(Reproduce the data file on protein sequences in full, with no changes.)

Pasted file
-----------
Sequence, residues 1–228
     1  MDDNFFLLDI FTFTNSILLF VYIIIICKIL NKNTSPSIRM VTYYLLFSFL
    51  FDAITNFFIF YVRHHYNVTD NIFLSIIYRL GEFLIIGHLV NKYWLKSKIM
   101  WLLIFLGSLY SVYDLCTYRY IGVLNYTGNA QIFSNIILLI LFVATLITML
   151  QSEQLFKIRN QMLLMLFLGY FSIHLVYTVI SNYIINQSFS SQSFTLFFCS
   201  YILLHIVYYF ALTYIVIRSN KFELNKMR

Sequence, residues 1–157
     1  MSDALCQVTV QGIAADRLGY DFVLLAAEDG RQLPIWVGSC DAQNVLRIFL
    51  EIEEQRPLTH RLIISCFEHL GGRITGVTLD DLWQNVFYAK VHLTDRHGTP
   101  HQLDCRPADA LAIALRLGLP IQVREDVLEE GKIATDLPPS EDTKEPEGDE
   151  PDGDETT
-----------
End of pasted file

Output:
Sequence, residues 1–228
     1  MDDNFFLLDI FTFTNSILLF VYIIIICKIL NKNTSPSIRM VTYYLLFSFL
    51  FDAITNFFIF YVRHHYNVTD NIFLSIIYRL GEFLIIGHLV NKYWLKSKIM
   101  WLLIFLGSLY SVYDLCTYRY IGVLNYTGNA QIFSNIILLI LFVATLITML
   151  QSEQLFKIRN QMLLMLFLGY FSIHLVYTVI SNYIINQSFS SQSFTLFFCS
   201  YILLHIVYYF ALTYIVIRSN KFELNKMR

Sequence, residues 1–157
     1  MSDALCQVTV QGIAADRLGY DFVLLAAEDG RQLPIWVGSC DAQNVLRIFL
    51  EIEEQRPLTH RLIISCFEHL GGRITGVTLD DLWQNVFYAK VHLTDRHGTP
   101  HQLDCRPADA LAIALRLGLP IQVREDVLEE GKIATDLPPS EDTKEPEGDE
   151  PDGDETT